.- Fourteen traditionalist bishops in the Church of England have written a letter to 1,400 clergy explaining that some faithful Anglicans are faced with “apparently irreconcilable differences” in matters of faith and order. Arguing that the plans to ordain women bishops will exclude substantial numbers of Anglicans, the letter calls for the respect of those who have come to believe they can no longer remain within the Anglican Communion.
The bishops write that they will support clergy who are unable to remain in the Church of England, but they also pledge to reach a better agreement for traditionalists who do not believe women should be consecrated to the episcopacy.
The letter is signed by three senior bishops: Bishop of Chichester John Hind; Bishop of Blackburn Nicholas Reade; and Bishop in Europe Geoffrey Rowell, the UK Telegraph reports.
Addressed to 1,400 clergy who have indicated they are considering leaving the Church of England, the bishops’ letter is highly critical of the Anglican General Synod’s decision to ignore proposals for compromise over the issue of women bishops.
The letter says the present plans would lead to the “inevitable exclusion of substantial numbers of faithful Anglicans from the Church of England.”
“Different decisions should be respected and supported, including that of those who have come to believe that fidelity to the faith we have received means that they can no longer remain within the communion of the Church of England.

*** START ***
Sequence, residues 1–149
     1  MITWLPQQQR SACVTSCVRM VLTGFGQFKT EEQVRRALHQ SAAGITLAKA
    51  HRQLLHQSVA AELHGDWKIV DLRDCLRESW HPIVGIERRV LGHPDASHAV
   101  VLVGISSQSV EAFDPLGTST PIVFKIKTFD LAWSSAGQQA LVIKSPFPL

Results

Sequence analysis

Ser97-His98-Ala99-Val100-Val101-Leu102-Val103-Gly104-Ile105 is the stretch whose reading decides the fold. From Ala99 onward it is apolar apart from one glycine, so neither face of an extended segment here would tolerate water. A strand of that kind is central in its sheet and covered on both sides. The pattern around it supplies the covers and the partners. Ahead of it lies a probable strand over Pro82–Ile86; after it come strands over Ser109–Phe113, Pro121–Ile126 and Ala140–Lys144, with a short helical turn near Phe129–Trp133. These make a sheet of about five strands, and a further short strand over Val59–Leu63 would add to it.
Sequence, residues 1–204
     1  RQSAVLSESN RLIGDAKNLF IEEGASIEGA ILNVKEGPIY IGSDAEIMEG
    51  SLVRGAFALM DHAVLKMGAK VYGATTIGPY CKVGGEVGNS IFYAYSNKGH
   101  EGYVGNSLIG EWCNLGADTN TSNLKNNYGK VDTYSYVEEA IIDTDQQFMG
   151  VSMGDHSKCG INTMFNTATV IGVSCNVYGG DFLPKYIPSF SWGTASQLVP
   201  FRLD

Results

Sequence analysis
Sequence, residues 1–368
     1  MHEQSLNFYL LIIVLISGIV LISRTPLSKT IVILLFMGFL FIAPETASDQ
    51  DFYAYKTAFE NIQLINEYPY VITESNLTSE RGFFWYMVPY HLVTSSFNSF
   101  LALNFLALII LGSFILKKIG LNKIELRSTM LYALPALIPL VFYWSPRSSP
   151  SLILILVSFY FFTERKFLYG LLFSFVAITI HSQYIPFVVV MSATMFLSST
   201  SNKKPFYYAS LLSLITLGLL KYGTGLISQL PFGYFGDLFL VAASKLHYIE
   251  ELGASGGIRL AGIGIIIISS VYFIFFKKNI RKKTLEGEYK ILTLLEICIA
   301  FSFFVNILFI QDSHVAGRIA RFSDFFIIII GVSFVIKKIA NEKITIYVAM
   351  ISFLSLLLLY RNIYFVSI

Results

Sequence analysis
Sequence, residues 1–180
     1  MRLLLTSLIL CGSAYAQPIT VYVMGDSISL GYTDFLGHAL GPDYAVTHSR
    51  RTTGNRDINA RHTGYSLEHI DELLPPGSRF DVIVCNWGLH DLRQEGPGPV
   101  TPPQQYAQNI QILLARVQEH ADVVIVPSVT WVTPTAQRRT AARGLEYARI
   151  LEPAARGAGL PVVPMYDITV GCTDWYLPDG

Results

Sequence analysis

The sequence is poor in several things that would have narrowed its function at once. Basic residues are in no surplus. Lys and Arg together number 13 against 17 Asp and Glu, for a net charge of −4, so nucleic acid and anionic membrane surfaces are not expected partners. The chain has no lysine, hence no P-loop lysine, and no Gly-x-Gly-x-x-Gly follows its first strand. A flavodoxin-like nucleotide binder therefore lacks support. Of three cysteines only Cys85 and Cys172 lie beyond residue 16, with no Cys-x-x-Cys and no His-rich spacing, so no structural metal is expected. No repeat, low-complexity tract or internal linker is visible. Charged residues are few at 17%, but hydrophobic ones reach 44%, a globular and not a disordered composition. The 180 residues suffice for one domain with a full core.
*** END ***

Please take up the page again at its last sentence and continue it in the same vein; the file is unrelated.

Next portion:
"We are faced with apparently irreconcilable differences in matters of faith and order, and it is important to try to conduct all conversations and debates in a spirit of generosity even when church-dividing issues are at stake,” the letter continues, according to the Telegraph.
The letter tells clergy that the situation is not a “necessary conclusion” but the writers admit feelings of pain, bewilderment, and disappointment over the Church of England leaders’ decision to ordain women bishops without providing concessions to objectors.
Bishop Stephen Venner, a deputy of the Archbishop of Canterbury who supports the ordination of women bishops, last month said he felt “ashamed” no compromise had been reached.
“We have talked for hours about how to give an honorable place for those who disagree,” he stated.
"We have turned down almost every realistic opportunity for those who are opposed to flourish."